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Massachusetts Agricultural Experiment Station

Food Systems and Human Health: Understanding Influences on Food Security, Food Access, and Diet Quality

1) Program Participants: food delivery through Senior Food Boxes, Surveys to assess food security, food access, healthy food consumption, and program perceptions and experiences; 2) Program Staff/Producers: Interviews with key
informants (i.e., program staff and producers/farmers) to assess program efficiencies, program challenges, and ideas for addressing those challenges.

Management and Environmental Factors Affecting Nitrogen Cycling and Use Efficiency in Forage-Based Livestock Production Systems

This work will focus on both nitrogen management and grazing management to maximize sustainability and profitability. For example, the addition of legumes in pasture provide a free source of nitrogen to companion grasses while simultaneously enhancing feed quality. While it is known that legumes can reduce or eliminate the need for supplemental nitrogen fertility, these dynamics are not well studied in the specific context of stockpiling. Stockpiling avoids late summer grazing in order to create a reserve for October-December grazing.

Land Use and Management Practice Impacts on Soil Carbon and Associated Agroecosystems Services

Soils support crop productivity and provide important ecosystem services (such as filtering water and providing a potential sink for greenhouse gases). One of our primary goals for Multistate Project NC1178 is to assess management effects (e.g. crop residue, tillage, cover crops) on soil organic carbon, environmental footprints (e.g. greenhouse gas emissions, water quality, water quantity, soil erosion, input use efficiency), and productivity. For example-- how do different cropping systems influence soil organic matter composition?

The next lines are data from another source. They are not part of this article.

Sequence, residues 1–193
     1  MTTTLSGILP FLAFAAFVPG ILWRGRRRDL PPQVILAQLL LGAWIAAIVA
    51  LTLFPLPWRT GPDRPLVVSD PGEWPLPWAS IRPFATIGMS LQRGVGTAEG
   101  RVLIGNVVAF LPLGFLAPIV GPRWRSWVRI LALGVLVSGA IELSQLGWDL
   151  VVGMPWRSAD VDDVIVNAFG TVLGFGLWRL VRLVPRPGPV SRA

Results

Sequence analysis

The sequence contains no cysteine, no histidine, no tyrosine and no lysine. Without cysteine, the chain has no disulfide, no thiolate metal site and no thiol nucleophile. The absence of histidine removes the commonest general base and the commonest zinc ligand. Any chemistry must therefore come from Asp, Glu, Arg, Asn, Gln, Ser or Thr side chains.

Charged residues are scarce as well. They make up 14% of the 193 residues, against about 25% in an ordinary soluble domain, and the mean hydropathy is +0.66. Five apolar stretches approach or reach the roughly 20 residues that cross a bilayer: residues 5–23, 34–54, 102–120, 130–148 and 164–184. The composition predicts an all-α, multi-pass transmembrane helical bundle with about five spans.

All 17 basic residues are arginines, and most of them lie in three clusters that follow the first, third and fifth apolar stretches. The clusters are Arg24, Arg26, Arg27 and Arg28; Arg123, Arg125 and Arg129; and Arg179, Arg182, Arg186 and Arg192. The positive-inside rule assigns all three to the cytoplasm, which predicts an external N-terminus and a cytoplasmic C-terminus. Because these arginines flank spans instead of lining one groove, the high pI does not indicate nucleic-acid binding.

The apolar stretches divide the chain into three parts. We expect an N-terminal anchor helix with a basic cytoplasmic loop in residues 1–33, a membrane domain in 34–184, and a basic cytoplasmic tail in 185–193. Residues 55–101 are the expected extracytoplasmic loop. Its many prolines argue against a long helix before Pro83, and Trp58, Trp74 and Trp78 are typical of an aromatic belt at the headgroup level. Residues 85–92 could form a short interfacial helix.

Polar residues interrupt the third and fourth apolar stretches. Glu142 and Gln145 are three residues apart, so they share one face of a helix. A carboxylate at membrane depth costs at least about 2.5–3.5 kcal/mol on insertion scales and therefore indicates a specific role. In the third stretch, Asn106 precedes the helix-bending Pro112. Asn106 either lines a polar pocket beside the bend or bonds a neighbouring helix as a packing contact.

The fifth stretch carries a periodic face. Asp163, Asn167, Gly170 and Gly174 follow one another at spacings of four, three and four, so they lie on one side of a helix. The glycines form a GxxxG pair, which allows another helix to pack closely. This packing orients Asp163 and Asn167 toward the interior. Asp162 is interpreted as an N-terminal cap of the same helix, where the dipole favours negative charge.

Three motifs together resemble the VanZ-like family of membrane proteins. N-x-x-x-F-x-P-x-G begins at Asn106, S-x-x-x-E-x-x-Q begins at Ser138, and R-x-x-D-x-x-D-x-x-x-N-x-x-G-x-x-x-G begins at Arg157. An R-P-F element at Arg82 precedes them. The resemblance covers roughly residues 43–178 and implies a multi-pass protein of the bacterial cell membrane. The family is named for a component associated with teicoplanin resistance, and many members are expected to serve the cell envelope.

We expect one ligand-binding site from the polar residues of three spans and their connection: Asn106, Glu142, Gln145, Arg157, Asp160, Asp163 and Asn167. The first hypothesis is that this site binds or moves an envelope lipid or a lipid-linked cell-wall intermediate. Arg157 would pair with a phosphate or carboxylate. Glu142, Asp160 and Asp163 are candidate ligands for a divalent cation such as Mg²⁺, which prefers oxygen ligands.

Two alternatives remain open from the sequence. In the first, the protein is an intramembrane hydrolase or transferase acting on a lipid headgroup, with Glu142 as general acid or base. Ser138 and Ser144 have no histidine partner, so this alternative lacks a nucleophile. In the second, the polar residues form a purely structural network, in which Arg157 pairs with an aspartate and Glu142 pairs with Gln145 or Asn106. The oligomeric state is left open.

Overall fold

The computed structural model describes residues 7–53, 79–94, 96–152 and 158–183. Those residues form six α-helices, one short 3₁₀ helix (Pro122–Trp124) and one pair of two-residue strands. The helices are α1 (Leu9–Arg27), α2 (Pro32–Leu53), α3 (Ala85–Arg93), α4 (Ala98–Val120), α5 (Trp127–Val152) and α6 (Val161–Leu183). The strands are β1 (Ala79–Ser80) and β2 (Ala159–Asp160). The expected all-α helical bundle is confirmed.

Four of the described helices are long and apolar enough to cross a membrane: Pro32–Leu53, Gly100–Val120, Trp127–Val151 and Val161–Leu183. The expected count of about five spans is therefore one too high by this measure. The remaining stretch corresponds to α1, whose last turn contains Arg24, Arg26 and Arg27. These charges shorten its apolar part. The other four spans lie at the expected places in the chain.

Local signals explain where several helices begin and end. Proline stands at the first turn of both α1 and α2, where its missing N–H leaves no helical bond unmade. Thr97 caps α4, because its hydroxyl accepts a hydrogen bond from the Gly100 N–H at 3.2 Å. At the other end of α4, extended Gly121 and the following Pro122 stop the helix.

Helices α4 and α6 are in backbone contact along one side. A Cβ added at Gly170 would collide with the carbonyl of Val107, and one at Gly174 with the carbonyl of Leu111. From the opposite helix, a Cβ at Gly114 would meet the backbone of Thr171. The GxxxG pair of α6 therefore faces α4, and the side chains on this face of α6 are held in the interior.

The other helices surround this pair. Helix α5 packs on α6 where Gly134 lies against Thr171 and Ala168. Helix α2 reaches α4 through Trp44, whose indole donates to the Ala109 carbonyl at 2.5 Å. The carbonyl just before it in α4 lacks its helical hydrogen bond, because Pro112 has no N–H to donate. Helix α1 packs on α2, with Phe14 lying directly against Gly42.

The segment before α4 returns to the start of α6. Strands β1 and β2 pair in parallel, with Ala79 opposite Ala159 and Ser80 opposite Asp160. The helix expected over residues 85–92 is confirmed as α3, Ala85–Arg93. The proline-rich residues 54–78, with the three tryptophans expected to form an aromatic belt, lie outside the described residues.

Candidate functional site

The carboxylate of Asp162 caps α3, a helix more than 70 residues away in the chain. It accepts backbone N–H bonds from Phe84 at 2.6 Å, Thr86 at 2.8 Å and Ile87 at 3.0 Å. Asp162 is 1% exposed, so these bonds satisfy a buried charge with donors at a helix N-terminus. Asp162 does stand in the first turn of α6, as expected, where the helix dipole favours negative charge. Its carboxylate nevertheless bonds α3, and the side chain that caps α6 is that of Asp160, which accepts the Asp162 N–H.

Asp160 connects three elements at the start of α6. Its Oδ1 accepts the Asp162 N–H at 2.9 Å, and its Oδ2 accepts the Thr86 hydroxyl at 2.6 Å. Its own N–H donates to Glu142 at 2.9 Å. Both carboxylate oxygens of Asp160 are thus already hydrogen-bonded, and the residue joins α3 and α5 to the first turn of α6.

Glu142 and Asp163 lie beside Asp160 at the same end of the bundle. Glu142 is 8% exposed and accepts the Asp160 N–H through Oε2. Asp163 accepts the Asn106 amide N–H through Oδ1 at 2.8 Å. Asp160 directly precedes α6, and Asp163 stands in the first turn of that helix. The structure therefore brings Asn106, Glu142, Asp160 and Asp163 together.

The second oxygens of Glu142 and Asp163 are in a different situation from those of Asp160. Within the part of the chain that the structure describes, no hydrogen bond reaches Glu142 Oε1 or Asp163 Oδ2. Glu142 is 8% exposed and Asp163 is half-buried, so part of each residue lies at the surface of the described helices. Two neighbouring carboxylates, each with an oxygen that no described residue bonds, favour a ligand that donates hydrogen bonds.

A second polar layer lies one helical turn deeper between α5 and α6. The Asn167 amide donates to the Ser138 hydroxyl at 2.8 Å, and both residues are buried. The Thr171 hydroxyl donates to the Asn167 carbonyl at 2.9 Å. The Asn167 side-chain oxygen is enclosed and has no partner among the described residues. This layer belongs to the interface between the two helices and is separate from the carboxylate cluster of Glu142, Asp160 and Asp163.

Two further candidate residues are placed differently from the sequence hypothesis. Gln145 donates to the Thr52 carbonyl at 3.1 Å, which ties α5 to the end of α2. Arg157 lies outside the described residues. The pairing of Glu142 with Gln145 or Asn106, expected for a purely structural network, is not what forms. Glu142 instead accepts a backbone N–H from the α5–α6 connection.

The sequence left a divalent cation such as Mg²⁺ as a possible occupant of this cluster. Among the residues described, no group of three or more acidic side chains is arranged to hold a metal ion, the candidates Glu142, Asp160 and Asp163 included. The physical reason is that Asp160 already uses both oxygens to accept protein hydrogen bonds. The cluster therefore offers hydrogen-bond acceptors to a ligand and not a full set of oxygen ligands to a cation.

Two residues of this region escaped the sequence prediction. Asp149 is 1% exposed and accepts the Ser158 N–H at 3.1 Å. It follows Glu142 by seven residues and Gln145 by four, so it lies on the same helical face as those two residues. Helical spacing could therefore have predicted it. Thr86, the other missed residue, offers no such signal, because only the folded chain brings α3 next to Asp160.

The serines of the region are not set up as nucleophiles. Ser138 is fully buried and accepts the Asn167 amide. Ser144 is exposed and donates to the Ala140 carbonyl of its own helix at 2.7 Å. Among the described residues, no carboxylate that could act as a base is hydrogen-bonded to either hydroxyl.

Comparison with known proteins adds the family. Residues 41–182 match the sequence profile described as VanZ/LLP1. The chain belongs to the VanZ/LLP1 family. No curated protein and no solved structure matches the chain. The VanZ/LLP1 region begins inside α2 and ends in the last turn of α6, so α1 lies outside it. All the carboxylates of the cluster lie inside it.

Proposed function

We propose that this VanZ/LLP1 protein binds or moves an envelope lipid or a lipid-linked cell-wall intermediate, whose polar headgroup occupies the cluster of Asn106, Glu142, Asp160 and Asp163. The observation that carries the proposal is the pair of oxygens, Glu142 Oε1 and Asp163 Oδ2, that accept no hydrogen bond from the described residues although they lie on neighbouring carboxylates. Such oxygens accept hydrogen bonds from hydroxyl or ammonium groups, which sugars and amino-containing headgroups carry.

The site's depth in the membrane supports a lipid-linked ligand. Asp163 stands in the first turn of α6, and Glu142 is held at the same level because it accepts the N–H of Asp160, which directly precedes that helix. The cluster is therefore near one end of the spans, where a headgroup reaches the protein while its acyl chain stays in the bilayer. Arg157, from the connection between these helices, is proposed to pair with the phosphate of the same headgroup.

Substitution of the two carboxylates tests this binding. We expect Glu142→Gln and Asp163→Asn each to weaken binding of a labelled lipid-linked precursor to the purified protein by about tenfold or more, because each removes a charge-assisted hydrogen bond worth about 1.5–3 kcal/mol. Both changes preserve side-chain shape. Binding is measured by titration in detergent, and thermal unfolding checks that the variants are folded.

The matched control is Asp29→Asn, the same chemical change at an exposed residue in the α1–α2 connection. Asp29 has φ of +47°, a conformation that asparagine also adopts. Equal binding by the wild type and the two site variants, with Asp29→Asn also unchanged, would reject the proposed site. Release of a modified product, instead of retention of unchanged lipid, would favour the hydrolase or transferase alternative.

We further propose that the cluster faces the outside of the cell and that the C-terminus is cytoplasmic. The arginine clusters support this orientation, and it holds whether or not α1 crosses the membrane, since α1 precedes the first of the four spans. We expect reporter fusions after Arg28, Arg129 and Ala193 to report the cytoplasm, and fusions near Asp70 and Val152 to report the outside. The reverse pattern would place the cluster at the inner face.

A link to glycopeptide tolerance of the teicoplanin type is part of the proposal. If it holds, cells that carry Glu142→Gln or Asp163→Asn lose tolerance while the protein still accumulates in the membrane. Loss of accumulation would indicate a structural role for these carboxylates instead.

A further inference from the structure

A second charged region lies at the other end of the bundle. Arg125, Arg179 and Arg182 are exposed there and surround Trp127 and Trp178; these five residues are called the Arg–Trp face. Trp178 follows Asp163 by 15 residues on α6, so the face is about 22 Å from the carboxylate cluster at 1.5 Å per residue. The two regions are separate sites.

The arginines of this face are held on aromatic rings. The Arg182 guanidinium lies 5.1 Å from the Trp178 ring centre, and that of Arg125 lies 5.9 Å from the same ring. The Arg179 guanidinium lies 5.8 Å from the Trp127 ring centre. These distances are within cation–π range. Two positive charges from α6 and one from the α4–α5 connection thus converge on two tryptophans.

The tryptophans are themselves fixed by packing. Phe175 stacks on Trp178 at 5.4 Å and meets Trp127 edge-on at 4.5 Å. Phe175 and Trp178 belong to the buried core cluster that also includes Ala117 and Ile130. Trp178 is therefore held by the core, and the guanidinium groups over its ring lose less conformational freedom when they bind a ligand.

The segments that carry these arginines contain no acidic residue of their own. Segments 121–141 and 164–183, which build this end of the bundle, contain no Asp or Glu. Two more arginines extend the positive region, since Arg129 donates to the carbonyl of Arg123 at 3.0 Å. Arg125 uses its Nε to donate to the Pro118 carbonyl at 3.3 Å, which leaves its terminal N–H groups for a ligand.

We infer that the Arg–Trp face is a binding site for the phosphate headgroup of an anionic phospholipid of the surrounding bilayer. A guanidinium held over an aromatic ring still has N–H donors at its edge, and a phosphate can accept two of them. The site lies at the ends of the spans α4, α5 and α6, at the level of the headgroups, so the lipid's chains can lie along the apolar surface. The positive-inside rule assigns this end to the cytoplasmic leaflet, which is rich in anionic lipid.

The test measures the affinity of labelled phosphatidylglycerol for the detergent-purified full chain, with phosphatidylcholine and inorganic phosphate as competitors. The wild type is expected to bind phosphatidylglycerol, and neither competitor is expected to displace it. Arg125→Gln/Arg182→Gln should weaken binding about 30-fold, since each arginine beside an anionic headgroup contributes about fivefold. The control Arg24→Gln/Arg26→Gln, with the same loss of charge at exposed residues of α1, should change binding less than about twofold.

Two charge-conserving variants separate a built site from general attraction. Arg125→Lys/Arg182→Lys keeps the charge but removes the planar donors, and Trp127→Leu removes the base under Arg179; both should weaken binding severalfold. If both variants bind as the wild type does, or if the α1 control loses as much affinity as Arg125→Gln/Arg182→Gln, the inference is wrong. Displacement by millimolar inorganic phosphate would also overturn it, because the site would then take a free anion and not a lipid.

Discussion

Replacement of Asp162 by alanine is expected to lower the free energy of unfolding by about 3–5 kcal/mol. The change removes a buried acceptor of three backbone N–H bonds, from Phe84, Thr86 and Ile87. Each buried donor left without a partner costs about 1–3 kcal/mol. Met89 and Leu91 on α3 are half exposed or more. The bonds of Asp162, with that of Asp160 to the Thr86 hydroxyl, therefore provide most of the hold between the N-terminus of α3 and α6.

Biology, Etiology, and Management of Dollar Spot in Turfgrasses

Managed turfgrass areas (golf courses, lawn care companies, sport facilities, others) are vastly important for businesses in the New England economy. Intensively managed areas on golf courses, in particular, are challenged by abiotic and biotic (mostly by fungi) stresses that require monetary investment for maintaining optimal appearance. Dollar spot disease (caused by plant pathogenic fungi) is one of the most economically challenging pathogens, requiring repeated chemical inputs annually to maintain acceptable playing surfaces.

WC1 Hybrid Co-receptor/Pattern Recognition Receptor in the Immune Response to Pathogens of Domesticated Animals

Animal health is of great importance, in agricultural, food security, general economic and public health terms. The diseases that our lab investigates (e.g. tuberculosis, anaplasmosis, Johne's disease, leptospirosis, and porcine reproductive and respiratory syndrome virus (PRRSV)) cause billions of dollars in losses to U.S. agricultural producers. In addition, tuberculosis,anaplasmosis, leptospirosis and Johne's disease are zoonotic diseases, in which animals can serve as reservoirs and vectors of often fatal diseases for humans.

Improving Forage and Bioenergy Crops for Better Adaptation, Resilience, and Flexibility

As the global human population continues to grow and climate change alters weather patterns and intensifies stress on agricultural systems, we need to find new ways to sustainably increase production agriculture. We focus on grasslands because they are important for global food stability and as a vast ecosystem (66% of agricultural areas are grass lands) have serious global climate implications.

Novel Species Interactions: Effects of Invasive Plants on Butterflies, Birds, and Soil Biota

A focal species of this work is the widespread invasive biennial plant, Alliaria petiolata (garlic mustard) which disrupts nativeplant-fungal interactions in Northeastern deciduous forests of North America. Unique plant chemicals exuded by the roots ofgarlic mustard disrupt symbioses between native plants and mycorrhizal fungi that live on their roots (Stinson et al., 2006), alterthe diversity and composition of the soil microbiome (Barto et al., 2012; Anthony et al.

Development and Physiology of the Stomatal Complex in Grasses

Water is an increasingly scarce resource for agriculture thus engineering plants that use water efficiently is a primary goal forscientists. A recent approach in achieving water-efficient crops is to breed or engineer plants that can rapidly open and close their stomata in changing environments (Lawson and Blatt 2014, Raven 2014). During the day, plants may become shaded or enjoy a sudden but transient increase in sunlight as sun angles change (or are reflected) or as clouds and/or other obstacles block the sun.

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